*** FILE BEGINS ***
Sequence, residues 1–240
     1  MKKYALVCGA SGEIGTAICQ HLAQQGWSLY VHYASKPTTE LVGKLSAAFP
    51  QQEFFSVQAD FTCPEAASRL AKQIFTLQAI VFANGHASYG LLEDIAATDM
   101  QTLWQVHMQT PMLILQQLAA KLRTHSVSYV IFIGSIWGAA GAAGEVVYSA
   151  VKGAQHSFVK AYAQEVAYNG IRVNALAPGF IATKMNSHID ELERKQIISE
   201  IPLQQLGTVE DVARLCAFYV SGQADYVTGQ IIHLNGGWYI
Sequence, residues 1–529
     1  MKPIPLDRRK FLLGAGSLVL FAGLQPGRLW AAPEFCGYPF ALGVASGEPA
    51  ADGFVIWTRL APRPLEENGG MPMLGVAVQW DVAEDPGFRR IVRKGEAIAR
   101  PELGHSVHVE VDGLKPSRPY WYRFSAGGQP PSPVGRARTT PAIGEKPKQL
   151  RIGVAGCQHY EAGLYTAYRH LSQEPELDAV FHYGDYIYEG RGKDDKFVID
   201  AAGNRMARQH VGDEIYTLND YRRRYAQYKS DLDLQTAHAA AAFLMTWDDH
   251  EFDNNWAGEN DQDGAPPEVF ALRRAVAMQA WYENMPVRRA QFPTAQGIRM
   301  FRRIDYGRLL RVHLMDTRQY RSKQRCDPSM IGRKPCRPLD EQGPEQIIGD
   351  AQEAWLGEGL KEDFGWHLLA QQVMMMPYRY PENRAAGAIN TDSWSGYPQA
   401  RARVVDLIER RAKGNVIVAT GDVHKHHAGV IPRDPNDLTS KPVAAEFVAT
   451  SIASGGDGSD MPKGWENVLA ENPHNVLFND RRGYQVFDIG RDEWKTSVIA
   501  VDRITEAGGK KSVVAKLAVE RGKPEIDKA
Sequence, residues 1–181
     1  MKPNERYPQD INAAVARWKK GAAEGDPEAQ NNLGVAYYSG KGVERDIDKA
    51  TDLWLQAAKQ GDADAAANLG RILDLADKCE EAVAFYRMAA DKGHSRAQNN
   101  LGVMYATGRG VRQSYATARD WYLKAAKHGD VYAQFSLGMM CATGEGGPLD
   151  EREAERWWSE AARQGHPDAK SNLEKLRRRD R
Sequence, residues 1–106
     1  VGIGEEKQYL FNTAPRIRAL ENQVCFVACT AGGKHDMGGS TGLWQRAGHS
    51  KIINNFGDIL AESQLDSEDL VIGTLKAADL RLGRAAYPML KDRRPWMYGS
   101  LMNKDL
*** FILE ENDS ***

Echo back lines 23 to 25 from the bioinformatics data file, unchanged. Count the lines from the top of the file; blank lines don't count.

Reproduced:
   151  EREAERWWSE AARQGHPDAK SNLEKLRRRD R
Sequence, residues 1–106
     1  VGIGEEKQYL FNTAPRIRAL ENQVCFVACT AGGKHDMGGS TGLWQRAGHS